While public-school finance is an ongoing debate in states around the country, the issue has particular relevance in New England due to the region's strong system of local government.

``The New England states have a tradition of local control, and the towns are very involved in making decisions,'' says Mary Fulton, policy analyst for the Education Commission of the States. ``They have also tended to support their education through more local funds, which basically translates into property taxes.''

Besides New Hampshire, the following five other New England states are debating the issue and trying to balance local control with educational equity:

* Massachusetts. The state's Supreme Judicial Court ruled last June that the state failed its constitutional duty to provide an adequate education for all public-school students based on its property-tax-financed system. Meanwhile, the legislature passed a major education-finance bill that earmarked $1.7 billion in state education money over seven years. The law raises education spending to a ``foundation level'' of $5,500 per student by 2000.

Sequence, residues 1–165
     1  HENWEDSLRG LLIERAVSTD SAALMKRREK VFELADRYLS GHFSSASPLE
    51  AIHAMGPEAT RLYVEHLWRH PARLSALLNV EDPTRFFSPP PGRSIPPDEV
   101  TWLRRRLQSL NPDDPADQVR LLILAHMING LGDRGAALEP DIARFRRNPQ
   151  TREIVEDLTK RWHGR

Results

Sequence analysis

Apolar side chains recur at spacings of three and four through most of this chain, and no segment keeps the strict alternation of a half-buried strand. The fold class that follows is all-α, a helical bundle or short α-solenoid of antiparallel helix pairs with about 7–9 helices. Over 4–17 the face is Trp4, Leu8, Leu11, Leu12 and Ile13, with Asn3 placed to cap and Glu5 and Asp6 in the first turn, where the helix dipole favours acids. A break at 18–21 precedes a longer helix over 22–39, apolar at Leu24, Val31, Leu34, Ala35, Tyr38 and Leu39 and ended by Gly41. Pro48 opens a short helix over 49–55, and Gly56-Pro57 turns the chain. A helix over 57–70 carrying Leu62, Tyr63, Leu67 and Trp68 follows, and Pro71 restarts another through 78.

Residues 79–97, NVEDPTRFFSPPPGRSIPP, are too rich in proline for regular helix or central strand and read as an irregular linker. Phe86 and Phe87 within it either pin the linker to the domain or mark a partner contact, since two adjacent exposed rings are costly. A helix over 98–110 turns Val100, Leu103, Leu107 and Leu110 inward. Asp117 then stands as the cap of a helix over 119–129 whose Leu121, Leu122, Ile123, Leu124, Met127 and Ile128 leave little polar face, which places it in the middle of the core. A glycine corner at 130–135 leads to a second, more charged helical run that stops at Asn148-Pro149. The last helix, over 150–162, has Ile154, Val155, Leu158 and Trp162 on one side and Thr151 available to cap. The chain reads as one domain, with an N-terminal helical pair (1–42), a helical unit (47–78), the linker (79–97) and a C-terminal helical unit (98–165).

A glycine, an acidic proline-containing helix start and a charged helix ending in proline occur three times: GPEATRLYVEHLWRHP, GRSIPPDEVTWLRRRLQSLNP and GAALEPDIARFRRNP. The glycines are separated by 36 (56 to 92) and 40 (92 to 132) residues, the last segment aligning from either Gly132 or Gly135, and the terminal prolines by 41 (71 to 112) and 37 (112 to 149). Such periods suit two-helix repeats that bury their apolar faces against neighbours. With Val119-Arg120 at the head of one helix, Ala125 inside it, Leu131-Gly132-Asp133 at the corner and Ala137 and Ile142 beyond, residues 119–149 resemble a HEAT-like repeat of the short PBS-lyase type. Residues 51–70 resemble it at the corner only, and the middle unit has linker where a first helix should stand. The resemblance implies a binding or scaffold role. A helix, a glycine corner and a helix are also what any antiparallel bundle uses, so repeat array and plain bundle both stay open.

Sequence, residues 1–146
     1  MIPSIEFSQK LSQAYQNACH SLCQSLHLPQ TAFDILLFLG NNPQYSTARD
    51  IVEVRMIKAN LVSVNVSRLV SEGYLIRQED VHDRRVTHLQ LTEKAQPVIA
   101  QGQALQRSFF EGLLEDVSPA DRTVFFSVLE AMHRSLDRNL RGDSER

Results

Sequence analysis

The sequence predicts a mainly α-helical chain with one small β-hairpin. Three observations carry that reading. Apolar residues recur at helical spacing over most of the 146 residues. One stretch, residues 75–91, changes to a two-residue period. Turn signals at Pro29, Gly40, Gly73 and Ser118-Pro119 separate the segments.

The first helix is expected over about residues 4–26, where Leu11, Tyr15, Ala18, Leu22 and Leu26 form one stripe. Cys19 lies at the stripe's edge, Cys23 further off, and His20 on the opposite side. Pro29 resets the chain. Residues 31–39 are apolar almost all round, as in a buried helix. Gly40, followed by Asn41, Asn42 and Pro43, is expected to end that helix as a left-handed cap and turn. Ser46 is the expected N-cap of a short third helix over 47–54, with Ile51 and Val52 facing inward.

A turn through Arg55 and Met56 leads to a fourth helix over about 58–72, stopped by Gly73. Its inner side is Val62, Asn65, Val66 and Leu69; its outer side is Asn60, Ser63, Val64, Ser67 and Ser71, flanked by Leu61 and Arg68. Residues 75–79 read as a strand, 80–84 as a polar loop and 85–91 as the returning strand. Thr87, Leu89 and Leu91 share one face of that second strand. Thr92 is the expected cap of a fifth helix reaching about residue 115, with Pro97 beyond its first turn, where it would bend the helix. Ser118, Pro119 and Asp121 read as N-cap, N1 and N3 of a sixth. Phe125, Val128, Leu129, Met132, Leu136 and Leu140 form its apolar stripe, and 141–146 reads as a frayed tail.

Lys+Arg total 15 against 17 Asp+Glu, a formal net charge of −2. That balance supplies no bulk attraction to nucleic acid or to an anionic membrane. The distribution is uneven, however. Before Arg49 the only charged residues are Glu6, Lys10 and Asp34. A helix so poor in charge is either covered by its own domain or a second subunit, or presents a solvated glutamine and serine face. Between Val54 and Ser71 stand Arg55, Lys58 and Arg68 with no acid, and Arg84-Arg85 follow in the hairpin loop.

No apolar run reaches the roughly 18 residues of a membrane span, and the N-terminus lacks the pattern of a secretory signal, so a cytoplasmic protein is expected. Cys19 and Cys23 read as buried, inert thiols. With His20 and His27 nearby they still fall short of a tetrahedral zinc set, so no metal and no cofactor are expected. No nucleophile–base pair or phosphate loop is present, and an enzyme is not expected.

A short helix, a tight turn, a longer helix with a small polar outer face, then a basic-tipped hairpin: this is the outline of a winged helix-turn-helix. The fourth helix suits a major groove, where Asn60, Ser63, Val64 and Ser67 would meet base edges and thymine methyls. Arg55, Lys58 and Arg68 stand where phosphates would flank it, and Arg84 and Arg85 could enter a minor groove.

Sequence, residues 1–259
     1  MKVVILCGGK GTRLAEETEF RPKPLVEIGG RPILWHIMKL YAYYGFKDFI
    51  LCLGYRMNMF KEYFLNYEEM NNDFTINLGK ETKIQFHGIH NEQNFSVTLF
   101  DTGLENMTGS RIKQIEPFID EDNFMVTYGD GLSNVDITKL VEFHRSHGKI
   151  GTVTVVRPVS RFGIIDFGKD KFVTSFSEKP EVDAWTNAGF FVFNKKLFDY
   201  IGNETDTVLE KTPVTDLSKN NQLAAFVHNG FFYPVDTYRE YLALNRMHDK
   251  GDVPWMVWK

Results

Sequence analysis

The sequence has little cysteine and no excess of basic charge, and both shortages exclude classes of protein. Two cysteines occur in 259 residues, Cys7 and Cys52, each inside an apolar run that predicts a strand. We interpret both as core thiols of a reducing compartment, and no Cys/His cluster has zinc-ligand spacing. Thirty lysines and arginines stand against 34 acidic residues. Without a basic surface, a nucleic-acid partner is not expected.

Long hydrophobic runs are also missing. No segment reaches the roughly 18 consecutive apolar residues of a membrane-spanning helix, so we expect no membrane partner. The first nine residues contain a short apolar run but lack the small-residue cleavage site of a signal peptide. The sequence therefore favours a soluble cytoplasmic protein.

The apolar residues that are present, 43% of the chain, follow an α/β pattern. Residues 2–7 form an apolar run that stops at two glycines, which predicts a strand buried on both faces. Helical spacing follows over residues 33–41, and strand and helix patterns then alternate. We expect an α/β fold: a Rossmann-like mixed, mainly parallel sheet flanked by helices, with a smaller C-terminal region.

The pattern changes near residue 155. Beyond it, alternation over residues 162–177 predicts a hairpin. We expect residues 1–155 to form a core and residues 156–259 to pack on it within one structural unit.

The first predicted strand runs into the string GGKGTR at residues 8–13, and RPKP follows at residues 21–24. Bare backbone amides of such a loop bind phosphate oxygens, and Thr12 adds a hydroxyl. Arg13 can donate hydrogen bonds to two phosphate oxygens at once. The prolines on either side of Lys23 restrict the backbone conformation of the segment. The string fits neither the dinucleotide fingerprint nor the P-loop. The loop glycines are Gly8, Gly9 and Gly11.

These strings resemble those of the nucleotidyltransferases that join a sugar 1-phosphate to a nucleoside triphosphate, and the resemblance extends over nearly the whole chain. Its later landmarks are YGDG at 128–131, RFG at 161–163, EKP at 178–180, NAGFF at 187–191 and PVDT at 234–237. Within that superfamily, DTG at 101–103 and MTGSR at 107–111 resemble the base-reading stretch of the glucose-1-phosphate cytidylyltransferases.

* Rhode Island. A superior court ruled that the state's previous school-aid formula to reimburse property-poor districts was unconstitutional. The legislature will now take up the issue and Gov. Bruce Sundlun (D) will propose his new school-funding plan next month.

* Maine. A superior court case, now pending, will address the question of how much extra state aid should be provided to poorer school districts. Meanwhile, the legislature is debating whether to provide short-term funding of between $7 million and $10 million to these communities.

* Vermont. A proposed bill would ban the use of local property taxes for education and replace it with a statewide property tax to equalize per pupil funding. The bill has passed the state House of Representatives, and the state Senate is expected to act on it by May.

* Connecticut. Lawmakers are debating a legislative package to increase by $200 million state education money for property-poor communities.

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